In a few hours of spare time I was able to get to the Book Garden and start loading up ... they didn't have any wide swaths of single authors whose works I was dying for this time, the way I loaded up on Clifford Simak last time. And I got there pretty late, near closing time, so my wandering through the warehouse was cut short, but I might make another trip there, if I can. I didn't even get to look seriously at the random comic book collections.
The most fun thing I picked up was either That's All Folks! The Art of Warner Brothers Animation or -- and I quiver nerdishly at mentioning this -- Tron: The Storybook. Some purchases go beyond logic, or price. There are times I feel like all I come home for is to get a haircut, shop for used books, and get some more Mystery Science Theater 3000 episodes on DVD (got a bunch in the mail today, in fact), but that can be satisfying enough.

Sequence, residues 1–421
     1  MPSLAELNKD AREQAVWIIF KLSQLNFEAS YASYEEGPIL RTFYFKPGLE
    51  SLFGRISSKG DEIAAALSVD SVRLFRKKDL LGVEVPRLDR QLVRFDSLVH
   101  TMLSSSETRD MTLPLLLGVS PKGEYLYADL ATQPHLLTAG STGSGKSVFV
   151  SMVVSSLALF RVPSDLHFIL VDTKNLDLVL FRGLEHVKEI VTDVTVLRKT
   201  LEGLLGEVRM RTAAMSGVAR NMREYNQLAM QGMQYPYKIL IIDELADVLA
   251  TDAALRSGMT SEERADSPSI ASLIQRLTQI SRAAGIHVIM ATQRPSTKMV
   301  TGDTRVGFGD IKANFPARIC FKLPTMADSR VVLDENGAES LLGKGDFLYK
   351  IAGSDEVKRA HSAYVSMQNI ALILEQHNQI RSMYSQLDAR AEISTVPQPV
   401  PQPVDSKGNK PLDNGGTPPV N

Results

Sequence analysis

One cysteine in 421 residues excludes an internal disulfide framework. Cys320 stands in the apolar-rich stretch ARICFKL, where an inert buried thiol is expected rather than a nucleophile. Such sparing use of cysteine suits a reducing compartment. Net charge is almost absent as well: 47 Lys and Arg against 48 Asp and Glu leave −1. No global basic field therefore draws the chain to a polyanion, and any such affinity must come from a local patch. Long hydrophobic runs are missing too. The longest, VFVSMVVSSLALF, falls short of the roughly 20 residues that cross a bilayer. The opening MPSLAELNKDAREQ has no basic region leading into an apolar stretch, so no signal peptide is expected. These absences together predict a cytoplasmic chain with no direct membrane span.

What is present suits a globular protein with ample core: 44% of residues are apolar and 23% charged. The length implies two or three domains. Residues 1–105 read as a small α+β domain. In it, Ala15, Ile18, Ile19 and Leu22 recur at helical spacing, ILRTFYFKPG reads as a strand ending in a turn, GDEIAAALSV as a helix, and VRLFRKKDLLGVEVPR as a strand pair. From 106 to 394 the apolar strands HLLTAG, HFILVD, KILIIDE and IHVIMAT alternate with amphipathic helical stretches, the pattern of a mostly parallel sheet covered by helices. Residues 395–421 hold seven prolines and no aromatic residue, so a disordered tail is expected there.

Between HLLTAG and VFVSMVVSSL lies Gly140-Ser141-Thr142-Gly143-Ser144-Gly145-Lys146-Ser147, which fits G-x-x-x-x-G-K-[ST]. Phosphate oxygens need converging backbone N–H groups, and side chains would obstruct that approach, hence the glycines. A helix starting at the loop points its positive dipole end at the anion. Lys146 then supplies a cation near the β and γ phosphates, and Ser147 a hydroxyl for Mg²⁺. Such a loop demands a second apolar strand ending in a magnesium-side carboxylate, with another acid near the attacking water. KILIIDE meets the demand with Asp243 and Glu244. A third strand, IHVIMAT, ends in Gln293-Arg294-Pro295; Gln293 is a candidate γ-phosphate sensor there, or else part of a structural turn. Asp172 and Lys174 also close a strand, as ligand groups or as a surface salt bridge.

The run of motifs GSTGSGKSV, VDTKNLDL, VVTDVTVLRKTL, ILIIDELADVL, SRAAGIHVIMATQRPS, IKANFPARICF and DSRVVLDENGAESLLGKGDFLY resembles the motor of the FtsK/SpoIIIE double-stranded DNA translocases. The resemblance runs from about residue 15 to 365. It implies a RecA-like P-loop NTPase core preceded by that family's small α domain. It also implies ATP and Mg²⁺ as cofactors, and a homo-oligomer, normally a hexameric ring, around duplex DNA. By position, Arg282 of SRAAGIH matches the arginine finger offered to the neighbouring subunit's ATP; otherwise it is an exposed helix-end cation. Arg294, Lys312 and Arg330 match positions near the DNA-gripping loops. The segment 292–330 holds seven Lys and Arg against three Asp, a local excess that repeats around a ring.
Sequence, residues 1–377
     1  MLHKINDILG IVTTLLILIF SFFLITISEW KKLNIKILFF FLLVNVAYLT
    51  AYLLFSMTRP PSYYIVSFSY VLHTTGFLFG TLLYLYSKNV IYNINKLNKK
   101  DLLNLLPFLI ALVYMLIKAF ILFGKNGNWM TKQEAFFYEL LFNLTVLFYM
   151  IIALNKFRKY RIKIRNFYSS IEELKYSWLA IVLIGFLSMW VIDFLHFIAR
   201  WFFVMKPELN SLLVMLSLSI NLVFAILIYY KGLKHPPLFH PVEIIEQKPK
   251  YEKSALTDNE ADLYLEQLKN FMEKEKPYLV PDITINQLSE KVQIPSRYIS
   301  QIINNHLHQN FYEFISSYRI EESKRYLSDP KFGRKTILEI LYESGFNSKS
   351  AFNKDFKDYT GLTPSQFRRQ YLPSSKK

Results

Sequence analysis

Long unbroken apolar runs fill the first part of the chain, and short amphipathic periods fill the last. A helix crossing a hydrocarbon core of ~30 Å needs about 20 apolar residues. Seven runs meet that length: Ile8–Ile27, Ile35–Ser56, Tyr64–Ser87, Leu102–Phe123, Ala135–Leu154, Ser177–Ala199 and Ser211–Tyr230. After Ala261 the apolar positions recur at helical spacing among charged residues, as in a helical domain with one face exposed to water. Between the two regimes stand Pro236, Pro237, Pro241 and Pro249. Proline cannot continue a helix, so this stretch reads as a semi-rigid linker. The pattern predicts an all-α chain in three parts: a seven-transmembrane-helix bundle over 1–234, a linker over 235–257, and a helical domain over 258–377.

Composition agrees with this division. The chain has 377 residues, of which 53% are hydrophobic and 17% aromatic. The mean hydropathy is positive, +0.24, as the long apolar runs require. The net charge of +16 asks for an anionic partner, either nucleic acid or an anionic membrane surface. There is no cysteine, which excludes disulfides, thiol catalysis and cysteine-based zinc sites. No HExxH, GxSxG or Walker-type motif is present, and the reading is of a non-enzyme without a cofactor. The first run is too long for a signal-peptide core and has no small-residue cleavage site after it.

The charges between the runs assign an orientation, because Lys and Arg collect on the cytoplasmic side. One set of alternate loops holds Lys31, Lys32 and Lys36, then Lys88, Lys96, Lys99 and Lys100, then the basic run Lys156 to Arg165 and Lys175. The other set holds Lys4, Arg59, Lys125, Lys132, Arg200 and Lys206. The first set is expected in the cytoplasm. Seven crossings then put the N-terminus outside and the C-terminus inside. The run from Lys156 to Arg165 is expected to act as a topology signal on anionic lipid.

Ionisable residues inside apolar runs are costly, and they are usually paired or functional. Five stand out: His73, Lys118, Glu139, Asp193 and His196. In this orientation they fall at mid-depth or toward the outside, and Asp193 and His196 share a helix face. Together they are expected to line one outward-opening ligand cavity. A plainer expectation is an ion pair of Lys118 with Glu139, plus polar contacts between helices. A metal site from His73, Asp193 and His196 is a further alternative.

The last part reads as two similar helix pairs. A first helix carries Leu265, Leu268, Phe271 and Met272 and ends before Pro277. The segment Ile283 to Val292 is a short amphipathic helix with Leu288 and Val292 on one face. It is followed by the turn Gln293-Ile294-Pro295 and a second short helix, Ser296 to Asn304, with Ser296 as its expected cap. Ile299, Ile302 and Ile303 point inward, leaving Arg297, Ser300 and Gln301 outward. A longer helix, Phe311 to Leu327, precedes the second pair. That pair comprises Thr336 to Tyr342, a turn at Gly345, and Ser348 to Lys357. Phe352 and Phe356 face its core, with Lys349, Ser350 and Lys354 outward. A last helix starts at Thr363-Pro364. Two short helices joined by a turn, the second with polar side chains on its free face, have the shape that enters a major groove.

Though I didn't buy it, I leafed through a Galaxy magazine from about 1977, with a columnist complaining about the sad and declining state of science fiction and pointing out a recurring problem -- the tendency to keep reader interest by ``heightening the stakes'' leading to an endless progression of stories in which the protagonist's actions determine the fate of civilization, humanity, the planet, the galaxy, and/or the universe. You don't want to give up that card only science fiction and fantasy can play -- there's no Western, say, where if the hero can't draw fast enough the Sun will nova -- but, yeah, it could be played with a little more restraint. See 55 percent of all Modern Trek episodes. (I'd thought Galaxy was out of print by 1977.)
Trivia: Douglas Rain was hired originally for 2001: A Space Odyssey as the narrator. Source: The Making of Kubrick's 2001, Jerome Agel.
Currently Reading: Discoveries: The Voyages of Captain Cook, Nicholas Thomas.